In Brooklyn, circa 1957--when doctors still smoked cigarettes while examining their patients in small stuffy rooms--I was in a hospital, 12 years old, dying. If I hadn't been fever crazed I might have known I was dying, for we were poor, we lived in what was then called "slums" and what was I doing in a private room? In those days, before health insurance as we know it now, and before federal programs, my family had no possibility of paying the bill. I was a "charity case," and, with true charity, the hospital had given me a private room to die in. My diagnosis had something to do with "acute malnutrition"--in other words, hunger--complicated by a seemingly untreatable fever. Though nobody told me what was going on, I should've known I was dying when my aunts (my father's sisters) visited. For my aunts to be in the same room as my mother was an event; they did not often speak. In a Sicilian family, grudges go deep, so when my aunts and my mother treated each other tenderly . . . well, I must have been dying. But my family and the doctors, and even my skinny fever-wracked body, all seemed then, and in memory seem now, like figures in a dream. What was most real to me, and what remains vivid even now, was the window.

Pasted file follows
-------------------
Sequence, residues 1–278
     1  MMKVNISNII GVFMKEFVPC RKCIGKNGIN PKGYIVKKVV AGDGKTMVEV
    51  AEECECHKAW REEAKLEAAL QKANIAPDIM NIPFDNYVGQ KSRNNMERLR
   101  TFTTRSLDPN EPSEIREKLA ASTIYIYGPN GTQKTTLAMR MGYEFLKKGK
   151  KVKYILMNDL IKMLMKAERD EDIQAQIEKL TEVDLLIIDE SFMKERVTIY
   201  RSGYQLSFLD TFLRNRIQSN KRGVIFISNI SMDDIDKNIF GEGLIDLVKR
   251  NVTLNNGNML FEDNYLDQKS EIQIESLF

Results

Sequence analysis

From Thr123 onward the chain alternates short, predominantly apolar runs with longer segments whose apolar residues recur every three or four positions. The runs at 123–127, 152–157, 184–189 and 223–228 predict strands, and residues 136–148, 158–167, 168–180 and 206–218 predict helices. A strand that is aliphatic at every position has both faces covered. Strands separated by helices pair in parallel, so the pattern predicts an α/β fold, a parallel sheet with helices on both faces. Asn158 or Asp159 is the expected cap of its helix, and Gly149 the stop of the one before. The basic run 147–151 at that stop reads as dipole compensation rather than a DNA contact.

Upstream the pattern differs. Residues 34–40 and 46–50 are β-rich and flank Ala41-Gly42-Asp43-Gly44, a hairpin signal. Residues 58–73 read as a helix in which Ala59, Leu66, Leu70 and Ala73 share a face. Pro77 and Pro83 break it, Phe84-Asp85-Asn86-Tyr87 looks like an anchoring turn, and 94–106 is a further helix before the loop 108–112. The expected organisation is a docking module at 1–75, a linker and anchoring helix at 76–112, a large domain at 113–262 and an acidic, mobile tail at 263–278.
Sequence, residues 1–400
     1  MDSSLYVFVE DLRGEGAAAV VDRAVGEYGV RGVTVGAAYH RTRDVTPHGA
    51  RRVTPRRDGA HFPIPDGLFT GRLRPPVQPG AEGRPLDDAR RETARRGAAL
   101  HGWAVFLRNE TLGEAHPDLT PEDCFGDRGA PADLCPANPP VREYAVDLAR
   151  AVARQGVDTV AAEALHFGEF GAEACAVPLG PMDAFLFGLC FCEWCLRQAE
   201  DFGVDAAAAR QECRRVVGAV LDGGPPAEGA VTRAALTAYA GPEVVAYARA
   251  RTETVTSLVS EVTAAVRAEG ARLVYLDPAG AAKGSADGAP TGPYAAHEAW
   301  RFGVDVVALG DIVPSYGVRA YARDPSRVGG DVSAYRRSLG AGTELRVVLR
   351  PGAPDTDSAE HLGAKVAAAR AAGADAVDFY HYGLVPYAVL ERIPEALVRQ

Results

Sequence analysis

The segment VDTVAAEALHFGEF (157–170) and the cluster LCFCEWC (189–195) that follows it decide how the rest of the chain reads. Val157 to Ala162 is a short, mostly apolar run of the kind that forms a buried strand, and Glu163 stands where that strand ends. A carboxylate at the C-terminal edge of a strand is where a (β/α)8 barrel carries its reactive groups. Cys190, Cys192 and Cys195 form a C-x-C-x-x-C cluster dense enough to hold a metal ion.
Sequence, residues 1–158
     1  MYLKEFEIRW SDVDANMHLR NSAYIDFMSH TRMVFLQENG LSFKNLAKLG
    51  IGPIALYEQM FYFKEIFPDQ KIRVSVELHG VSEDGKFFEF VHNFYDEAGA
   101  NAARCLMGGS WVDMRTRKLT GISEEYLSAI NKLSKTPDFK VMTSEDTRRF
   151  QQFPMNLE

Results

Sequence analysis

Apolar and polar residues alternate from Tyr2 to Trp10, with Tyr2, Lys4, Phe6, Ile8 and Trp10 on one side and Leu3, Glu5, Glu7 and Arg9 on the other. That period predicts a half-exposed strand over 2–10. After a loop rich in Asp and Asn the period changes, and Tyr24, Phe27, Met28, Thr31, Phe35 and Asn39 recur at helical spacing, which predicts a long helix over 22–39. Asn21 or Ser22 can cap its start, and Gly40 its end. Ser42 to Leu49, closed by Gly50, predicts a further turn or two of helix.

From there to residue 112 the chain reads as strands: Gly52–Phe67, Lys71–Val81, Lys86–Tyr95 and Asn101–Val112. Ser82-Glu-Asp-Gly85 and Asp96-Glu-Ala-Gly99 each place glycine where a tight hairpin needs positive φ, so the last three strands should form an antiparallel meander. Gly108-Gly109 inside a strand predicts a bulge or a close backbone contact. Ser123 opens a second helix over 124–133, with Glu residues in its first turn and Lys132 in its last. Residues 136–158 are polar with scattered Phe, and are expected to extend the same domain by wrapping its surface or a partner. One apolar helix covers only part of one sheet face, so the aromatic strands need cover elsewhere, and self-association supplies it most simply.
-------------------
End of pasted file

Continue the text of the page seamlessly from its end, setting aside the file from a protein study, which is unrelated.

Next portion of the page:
For several days and nights, too weak to lift my head, all my attention was fixed on that window. It was . . . just a window. Nothing remarkable about it. But pigeons would alight on the sill, suddenly, as though out of nowhere. They would make their…
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